Minister of Information, Nicholas Dausi, Tuesday afternoon told Zomba Chief Resident Magistrate Paul Chiotcha that he was of the view that it was out of confusion that former minister of Agriculture, George Chaponda, told Anti- Corruption Bureau (ACB) investigators that the money found in his house would be collected by Dausi on behalf the of governing Democratic Progressive Party (DPP).
Chaponda was arrested in July last year about five months after the ACB raided his house where they seized stacks of US dollars, Malawi kwacha and other foreign currencies including Namibian dollars, Chinese yuan, Indian rupees and Kenyan shillings.
The former minister reportedly told ACB investigators that K95 million of the seized cash belonged to DPP and would later be collected by Dausi, a thing which, according to ACB, never happened.
Testifying as a ninth State witness before the court sitting in Lilongwe, Dausi said “it is simply not true” that he was supposed to collect the money on behalf of DPP as he does not handle the party’s finances.
“I don’t even know about it. If he mentioned about it, it may have been a process of confusion; maybe he was confused… I must confess that, faced with a situation like that, you may get confused. As regards [my] knowing anything about the money, no I don’t,” Dausi said.
On more than three occasions, the Information Minister—who is also a member of DPP National Executive Committee—maintained that he does not know why Chaponda mentioned his name.
On the other hand, Dausi told the court that he has seen Chaponda donating money to the party such that it would not be surprising that he was intending to do the same when ACB officials raided his Area 43 house.
Chaponda’s lawyer, Tamando Chokhotho, quizzed Dausi on what he made of the statement that Chaponda had pledged to donate K40 million to his party.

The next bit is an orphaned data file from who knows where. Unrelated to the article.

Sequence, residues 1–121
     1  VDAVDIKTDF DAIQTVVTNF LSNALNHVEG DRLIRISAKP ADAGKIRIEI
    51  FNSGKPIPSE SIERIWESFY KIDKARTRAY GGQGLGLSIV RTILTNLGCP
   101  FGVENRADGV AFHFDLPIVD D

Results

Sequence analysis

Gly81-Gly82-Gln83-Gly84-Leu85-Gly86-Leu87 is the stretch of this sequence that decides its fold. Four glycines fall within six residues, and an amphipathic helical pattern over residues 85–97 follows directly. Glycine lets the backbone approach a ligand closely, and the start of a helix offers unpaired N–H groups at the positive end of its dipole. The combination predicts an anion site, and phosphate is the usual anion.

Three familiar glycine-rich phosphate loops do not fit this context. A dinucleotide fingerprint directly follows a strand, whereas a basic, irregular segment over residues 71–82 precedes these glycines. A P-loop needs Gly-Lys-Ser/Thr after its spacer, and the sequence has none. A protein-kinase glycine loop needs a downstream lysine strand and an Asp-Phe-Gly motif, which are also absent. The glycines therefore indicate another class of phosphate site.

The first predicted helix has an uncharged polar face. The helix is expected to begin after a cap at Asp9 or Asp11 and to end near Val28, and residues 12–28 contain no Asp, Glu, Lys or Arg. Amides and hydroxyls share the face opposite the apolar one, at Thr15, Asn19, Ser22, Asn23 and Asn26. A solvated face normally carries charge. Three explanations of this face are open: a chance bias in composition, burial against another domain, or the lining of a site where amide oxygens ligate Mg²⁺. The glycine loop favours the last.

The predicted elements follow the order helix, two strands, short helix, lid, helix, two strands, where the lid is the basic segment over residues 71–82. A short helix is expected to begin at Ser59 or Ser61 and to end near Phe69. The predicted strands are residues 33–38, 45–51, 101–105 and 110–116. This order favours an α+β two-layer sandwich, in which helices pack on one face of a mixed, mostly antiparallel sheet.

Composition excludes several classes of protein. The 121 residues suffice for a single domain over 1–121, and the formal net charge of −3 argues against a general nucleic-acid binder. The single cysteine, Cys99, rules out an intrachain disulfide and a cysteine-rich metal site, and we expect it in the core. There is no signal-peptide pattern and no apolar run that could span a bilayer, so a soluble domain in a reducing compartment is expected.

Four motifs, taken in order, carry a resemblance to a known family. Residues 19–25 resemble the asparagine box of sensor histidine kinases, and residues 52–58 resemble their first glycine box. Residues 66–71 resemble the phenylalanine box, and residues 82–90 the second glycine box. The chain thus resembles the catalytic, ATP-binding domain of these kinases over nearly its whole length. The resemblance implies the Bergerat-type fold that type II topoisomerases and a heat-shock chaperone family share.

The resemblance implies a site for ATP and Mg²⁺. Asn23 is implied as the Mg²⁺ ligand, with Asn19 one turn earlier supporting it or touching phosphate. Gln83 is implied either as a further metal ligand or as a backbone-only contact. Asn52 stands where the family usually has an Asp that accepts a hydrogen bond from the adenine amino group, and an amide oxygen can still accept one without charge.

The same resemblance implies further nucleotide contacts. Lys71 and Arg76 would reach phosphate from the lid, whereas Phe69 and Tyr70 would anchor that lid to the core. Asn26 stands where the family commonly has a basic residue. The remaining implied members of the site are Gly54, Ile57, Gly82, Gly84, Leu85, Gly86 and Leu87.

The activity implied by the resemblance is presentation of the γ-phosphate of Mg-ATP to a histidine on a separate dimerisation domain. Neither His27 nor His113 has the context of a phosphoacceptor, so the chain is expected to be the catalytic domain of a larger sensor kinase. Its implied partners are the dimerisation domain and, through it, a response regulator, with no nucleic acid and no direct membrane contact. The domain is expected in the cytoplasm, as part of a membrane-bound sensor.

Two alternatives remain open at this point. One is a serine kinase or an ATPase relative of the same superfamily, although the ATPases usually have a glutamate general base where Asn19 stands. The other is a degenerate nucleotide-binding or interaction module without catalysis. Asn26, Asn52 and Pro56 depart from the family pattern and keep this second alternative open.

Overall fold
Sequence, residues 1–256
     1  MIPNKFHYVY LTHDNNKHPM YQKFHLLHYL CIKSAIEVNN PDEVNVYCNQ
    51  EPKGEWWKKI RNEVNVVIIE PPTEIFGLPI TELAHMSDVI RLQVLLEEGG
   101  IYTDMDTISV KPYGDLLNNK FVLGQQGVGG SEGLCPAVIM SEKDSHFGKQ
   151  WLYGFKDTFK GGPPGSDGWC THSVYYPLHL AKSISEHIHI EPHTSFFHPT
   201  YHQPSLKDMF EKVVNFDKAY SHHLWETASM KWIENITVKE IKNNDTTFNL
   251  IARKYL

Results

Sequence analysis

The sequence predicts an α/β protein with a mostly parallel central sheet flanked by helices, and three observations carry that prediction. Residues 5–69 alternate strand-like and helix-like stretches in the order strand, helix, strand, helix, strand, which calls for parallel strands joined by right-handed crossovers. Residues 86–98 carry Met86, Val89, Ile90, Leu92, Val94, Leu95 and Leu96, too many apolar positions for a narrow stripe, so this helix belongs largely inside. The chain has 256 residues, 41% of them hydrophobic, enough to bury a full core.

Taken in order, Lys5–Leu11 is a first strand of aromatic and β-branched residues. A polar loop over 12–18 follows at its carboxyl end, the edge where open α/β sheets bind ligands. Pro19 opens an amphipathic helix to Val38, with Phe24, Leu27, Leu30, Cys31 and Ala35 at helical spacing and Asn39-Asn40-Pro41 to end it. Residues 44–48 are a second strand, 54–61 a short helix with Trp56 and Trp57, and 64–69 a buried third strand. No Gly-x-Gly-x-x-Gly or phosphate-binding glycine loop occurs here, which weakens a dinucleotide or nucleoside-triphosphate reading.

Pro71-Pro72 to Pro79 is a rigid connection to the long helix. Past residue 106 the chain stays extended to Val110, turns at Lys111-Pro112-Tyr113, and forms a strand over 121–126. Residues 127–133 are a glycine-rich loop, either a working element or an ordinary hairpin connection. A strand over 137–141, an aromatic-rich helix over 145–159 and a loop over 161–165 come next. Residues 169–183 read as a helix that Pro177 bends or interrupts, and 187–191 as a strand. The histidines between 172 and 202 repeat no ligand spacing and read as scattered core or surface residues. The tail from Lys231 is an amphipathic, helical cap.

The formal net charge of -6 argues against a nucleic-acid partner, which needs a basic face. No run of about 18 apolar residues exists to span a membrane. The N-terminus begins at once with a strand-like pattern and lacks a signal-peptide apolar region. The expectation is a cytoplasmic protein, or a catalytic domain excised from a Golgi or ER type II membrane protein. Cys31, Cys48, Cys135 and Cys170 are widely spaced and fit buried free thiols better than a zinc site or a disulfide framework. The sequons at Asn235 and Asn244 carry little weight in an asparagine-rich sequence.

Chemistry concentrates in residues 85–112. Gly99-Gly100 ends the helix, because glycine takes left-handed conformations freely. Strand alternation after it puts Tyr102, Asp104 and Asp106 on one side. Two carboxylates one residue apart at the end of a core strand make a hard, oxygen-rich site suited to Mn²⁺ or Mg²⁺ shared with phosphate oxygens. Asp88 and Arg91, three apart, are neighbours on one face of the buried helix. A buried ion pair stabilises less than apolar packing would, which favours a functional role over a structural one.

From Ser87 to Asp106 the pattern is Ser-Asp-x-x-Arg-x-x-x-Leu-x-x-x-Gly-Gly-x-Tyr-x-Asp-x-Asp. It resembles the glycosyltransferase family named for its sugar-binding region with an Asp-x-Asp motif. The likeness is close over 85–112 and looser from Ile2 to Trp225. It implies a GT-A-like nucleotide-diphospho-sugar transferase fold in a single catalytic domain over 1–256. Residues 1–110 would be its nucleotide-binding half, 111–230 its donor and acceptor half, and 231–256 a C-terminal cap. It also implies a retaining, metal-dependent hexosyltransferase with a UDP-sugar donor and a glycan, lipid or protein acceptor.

“Having made a commitment to donate the money to the DPP, at that point the money belonged to DPP, is that right?” Chokhotho asked the Information Minister.
In response, Dausi said in the context of the discussion between Chaponda and the party on the matter, it would be ideal to state the money belonged to DPP.
ACB Principal Legal and Prosecutions Officer, Imran Saidi, maintained that Chaponda had lied by claiming that the K95 million belonged to DPP when subsequent information indicated that he had pledged to donate only K40 million.
However, according to Chokhotho, his client had indicated that all the money belonged to DPP because the donation was mixed together with other cash.
Apparently, the donation was from proceeds of the sale of one of “the many” properties owned by Chaponda Investment Trust after the trust had resolved to assist the party with the money.
A document purportedly supporting the sale was presented before Dausi by the State so that he could conclude on who owned the house by the time the defendant declared his assets, liabilities and business interests with the Assets Directorate.
Dausi claimed that the directorate had instructed all listed public officers to include in the declaration forms even those properties that they had already disposed of such that there was nothing wrong with Chaponda following that, regarding the sold property.
Meanwhile, Finance Minister Goodall Gondwe is also expected to testify on the authenticity of a document which was tendered by the defence as a permit for Chaponda to keep foreign currency.
This is in relation to a count where the former minister of Agriculture is being accused of illegally keeping foreign currency.
Apart from the count of giving false information to ACB, Chaponda is also facing counts of possessing foreign currency in Malawi and attempting to obtain an advantage.
His co-accused Rashid Tayub, Operations Director at Transglobe Produce Export Limited, is answering a change of influencing a public officer to act corruptly.
This is in relation to the controversial purchase of maize from Zambia by the Agricultural Development and Markerting Corporation (Admarc), a thing which was later described as not realistic as it transpired the country already had enough maize stocks at the time such that Admarc was even failing to sell off the grain which it had purchased locally.
The case has since returned to Zomba where hearing will continue from March 6 following its sitting in Lilongwe for two days after it moved to Reserve Bank of Malawi headquarters where the seized cash is being kept.
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